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Liver Transplant in Istanbul

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Liver transplant surgery, also known as hepatic transplantation is a procedure in which a patient’s liver is replaced with all or some of a donor’s healthy liver. Orthotopic liver transplantation surgery is one of the most common types of liver transplantation procedures - the new liver is positioned in the same anatomic location as the original, diseased one. In Heterotopic liver transplantation surgery, a part of the new liver is sewn onto a part of the patient’s diseased liver.

The average liver transplant list had patients waiting 232 days on average, for liver transplantation surgery. Living donor liver transplant surgery can be performed by using the liver of a spouse, volunteer, sibling, child, parent or any member of the family.

Liver Transplant Candidates

A liver transplantation procedure is recommended for individuals suffering from end stage liver disease or acute liver failure.

Am I Suitable for Liver Transplant?

Liver transplantation surgery is not recommended for individuals suffering from heart or lung disease, infections such as osteomyelitis or tuberculosis, cancer or other life threatening conditions.

Preparing for Liver Transplant

The patient will need to pass thorough tests before undergoing a liver transplant operation:

● Heart tests
● Blood and urine tests
● Health examinations

How is Liver Transplant Performed?

Liver transplant criteria states that a living donor organ transplant can only be done from relatives up to the fourth degree – this includes the patient’s family members, the patient’s spouse and the patient’s spouse’s family members. In some medical centres volunteers can be donors for liver transplant surgery. Other liver transplant criteria include:

● The donor must be in good health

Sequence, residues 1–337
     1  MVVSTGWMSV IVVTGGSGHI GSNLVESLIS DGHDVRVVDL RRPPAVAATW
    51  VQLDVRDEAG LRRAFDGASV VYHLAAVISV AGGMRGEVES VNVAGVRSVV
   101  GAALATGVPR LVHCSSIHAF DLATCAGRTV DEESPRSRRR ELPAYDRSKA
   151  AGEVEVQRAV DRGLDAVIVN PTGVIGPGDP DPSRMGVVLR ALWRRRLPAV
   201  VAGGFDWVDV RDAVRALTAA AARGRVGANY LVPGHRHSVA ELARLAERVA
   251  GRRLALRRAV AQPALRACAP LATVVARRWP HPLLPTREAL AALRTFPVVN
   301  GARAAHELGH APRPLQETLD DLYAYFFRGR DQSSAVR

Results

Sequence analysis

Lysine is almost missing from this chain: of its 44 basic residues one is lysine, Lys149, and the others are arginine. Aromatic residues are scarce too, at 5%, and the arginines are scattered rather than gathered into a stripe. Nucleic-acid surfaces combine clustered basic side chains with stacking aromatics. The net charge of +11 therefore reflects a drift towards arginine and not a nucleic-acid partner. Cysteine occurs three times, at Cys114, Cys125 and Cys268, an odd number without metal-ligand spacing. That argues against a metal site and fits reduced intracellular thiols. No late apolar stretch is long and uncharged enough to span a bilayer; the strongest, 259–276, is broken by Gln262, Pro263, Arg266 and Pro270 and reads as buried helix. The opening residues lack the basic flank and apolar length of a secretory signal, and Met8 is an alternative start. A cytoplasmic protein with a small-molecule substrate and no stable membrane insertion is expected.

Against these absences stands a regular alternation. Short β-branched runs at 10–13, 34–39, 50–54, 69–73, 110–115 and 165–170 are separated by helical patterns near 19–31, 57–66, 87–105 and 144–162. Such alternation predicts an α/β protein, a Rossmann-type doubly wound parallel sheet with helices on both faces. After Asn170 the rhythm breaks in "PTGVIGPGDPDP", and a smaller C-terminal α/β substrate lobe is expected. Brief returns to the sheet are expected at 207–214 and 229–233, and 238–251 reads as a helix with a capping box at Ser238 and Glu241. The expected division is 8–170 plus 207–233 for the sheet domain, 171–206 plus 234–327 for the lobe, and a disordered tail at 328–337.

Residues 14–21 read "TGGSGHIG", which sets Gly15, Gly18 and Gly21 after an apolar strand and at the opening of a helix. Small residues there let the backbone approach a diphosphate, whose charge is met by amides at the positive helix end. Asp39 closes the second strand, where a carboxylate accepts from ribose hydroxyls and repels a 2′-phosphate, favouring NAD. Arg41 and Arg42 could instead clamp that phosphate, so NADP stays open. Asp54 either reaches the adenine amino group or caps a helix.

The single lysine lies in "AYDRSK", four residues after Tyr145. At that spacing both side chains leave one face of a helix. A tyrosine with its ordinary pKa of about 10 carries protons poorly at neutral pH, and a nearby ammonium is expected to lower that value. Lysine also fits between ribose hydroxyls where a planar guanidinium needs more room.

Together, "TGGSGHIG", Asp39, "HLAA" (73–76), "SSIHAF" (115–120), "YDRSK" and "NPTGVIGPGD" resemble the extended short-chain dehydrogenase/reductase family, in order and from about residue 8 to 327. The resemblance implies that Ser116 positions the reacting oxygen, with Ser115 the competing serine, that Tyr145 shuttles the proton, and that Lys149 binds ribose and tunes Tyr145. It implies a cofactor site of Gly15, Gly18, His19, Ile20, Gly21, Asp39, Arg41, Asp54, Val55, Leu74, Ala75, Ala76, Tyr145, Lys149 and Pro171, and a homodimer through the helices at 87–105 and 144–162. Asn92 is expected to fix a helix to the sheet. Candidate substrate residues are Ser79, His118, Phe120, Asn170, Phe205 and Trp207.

● Having a compatible blood type
● Age between 18 and 60
● Being of similar size with the recipient

The procedure is done under general anaesthesia. Around 55 to 70% of the right lobe of a living donor is removed and sewn onto the recipients remaining liver. The donor’s liver will start to regenerate straight away, reaching full function in around 4-6 weeks. The transplanted liver will also regain 100% functionality and size, but it will take more time – in some cases liver transplant recovery lasts up to a year. Once the procedure is complete, the recipient will have to spend two days in intensive care and 21 days in a transplant recovery area. The transplant donor will also have to spend around 10 days in hospital. Regular blood tests will be required after the transplant.

Liver Transplant Risks and Complications

Liver transplantation is a relatively risky procedure and complications can and do occur, both for the recipient and donor. Donors face a 0.5 to 1% chance of death during or after the procedure.

Liver transplant complications can include:

● Bleeding
● The formation of blood clots
● Infection
● Donated liver failure
● Donated liver rejection
● Bile duct complications

If the patient thoroughly respects all the liver transplant guidelines and the procedure is done at a trustworthy, modern facility, the chances of these complications occurring are reduced.

Liver Transplant Side Effects

Since special immune system depressant drugs are taken after liver transplantation surgery, patients can suffer from a wide range of side effects, including:

● Vomiting and nausea
● High blood pressure and cholesterol